I've been fooled again. From the trailer, Greenberg looked like it might be a sort of angry young hipster version of As Good As It Gets. A bitter malcontent artist -- well, carpenter in this case -- finds unlikely love in pursuing a much younger woman. Instead, Noah Baumbach thumb-gouges our eyes with another misery fest, a keening melancholic dirge of scattered depressive goings-on that's like rifling through a photo album of small children identifying their horribly mauled parents' corpses. The film is so choked of any joy you might occasionally laugh like when a dying cancer patient lets out a juicy fart; it's so fucking arid, you'll do anything for a giggle. It's a film about unpleasant people barely existing as they carom from unpleasantness to unpleasantness. Life for those lost in their middle years, still adrift in the sea of "what should I be," is awful enough without Baumbach wasting our time holding up a maudlin mirror and showing us the dark circles from weeping of our own misery. I can't imagine that there's an audience for emo-porn, but I guess people who cut themselves to feel alive probably pick the scabs to rehash the good times. Greenberg is essentially a big-screen version of those breakup poems loners scribble on bar napkins. You don't show those to other people, you burn them with candles while listening to The Cure in the safety of your own winebox.
Roger Greenberg (Ben Stiller) has just gotten out of a mental institution and is now living in his well-to-do brother's (Chris Messina) Los Angeles home. He's building a doghouse for their dog while they are on vacation in Vietnam. At one point, he was a musician whose misanthropic greed got his band's record deal scrapped. He tries to reconnect with the old band members (Mark Duplass and Rhys Ifans), and he tries to reconnect with his old girlfriend (Jennifer Jason Leigh, who shares the story credit with Baumbach), but nobody can find common ground with him anymore. And who can blame them? They've all moved on, gotten moderately successful careers, started families, and achieved some small satisfaction. Greenberg spends all his time bitching about the minutia of life, to the point that he constantly writes spiteful letters to corporations and editorials to newspapers. His wailing about the cruelty and stupidity of the world has created a bubble of misery around him nobody wants to tolerate.
The only person who manages to spend any semblance of time with him is Florence (Greta Gerwig), his brother's personal assistant. She's a fucking trainwreck who lets people plow over her -- but such is the nature of a PA. Florence is in the period of her life where it's still somewhat permissible to wander and struggle. So this seems to be the only common ground on which Florence can build a relationship with the diminutive troll 15 years her elder. However, Greenberg's such a fucking space case that his misery and freakouts push her away. Even when Florence stumbles into intimacy, Greenberg berates her with his insecurity. And Florence, who at 25 has her shit together so much more soundly then this invective spewing toddler of a manchild, continues to allow him back in to her life.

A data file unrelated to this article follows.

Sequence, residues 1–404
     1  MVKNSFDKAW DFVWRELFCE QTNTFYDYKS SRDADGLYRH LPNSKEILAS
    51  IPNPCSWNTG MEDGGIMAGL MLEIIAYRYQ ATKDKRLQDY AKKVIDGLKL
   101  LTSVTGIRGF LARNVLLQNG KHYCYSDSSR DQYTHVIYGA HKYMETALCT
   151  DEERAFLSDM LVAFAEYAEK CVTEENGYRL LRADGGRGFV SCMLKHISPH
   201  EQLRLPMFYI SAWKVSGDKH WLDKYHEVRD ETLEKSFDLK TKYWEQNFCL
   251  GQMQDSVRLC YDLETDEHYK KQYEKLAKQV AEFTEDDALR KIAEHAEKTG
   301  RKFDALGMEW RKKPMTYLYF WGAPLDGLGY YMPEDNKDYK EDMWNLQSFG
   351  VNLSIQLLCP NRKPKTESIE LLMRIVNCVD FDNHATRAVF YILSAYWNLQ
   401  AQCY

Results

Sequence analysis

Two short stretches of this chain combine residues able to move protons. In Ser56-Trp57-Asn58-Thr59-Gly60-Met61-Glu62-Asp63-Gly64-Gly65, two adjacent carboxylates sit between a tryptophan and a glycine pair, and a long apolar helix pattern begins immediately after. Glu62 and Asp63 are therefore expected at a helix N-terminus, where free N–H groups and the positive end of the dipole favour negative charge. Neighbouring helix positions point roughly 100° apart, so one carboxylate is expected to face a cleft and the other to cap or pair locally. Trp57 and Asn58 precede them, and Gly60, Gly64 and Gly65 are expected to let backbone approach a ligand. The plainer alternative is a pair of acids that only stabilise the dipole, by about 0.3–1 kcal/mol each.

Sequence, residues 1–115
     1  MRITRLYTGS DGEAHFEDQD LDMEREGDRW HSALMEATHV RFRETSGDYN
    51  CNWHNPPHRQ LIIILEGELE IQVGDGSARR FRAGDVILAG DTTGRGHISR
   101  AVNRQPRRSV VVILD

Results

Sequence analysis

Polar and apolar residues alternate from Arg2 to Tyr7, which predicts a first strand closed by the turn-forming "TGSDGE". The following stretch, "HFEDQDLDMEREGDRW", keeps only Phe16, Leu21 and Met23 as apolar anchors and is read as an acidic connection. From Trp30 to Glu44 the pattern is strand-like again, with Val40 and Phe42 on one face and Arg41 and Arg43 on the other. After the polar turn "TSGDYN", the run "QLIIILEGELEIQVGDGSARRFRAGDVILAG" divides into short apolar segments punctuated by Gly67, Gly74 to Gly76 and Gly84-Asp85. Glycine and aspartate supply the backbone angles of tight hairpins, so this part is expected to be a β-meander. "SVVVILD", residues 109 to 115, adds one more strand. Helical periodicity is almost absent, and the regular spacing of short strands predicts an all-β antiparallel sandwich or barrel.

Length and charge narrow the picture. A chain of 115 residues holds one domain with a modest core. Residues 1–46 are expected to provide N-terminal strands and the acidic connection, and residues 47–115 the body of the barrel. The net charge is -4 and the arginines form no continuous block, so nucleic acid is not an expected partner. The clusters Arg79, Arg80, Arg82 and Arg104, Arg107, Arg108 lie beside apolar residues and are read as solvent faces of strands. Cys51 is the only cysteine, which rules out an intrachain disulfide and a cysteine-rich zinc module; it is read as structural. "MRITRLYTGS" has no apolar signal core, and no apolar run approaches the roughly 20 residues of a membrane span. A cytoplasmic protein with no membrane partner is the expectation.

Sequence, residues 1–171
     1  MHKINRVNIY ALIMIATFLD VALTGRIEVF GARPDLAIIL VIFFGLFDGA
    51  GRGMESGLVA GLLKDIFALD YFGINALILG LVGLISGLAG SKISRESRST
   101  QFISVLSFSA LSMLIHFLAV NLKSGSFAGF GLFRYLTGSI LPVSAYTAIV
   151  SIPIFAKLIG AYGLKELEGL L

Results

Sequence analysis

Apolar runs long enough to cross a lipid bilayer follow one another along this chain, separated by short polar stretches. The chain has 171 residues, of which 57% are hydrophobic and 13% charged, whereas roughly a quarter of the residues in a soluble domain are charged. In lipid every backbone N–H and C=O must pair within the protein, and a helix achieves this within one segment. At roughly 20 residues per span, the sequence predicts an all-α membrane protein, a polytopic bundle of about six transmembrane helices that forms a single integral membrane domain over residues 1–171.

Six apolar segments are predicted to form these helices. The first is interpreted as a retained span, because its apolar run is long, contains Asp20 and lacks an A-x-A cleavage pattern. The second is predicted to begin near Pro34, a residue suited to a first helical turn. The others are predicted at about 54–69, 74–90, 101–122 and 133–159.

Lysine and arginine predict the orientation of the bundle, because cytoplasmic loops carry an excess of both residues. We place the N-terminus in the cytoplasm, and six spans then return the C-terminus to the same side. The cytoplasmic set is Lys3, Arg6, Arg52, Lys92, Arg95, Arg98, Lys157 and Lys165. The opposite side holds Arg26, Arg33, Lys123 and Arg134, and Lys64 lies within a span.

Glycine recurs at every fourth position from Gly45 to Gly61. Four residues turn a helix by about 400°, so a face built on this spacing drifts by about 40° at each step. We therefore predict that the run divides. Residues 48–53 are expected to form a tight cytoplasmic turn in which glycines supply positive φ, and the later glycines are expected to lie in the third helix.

But you get the jist of Greenberg in about 10 minutes, so to sit through the rest of the film is a practice in endurance. Greenberg is scripted like an LA romance where they plucked out the handsome boyish male lead and replaced him with an unwilling Gollum, who shoves everyone away, and then bemoans the fact that nobody wants to talk to him. It doesn't help matters that while Stiller shows some massive chops, Greenberg is such an unpleasant character you can't bear to watch him. Gerwig needs to go back to the minor leagues because she's still coming off as the spacey-kinda-hippy-who'll-take-her-top-off-for-a-sprouted-wheat-bagel. She's made a career playing the same listless ethereal in every flick. Other than that, the rest of the cast is basically a bunch of indie darlings slumming it.
I really don't want to waste any more time dealing with Baumbach's race to out-morose Atom Egoyan. When paired with Wes Anderson, Baumbach's woe cuts brilliantly with his thoughtful loners. On his own, Baumbach's flicks just create this storm cloud of misery that makes you pray for sunlight. Hell, I like Eeyore, but I don't want to endure a Spaulding Gray monologue of his grousing for an hour and a half. When you have yet to ground yourself, life can be miserable and confusing. But I don't need some smarmy arthouse douche reminding me about it.
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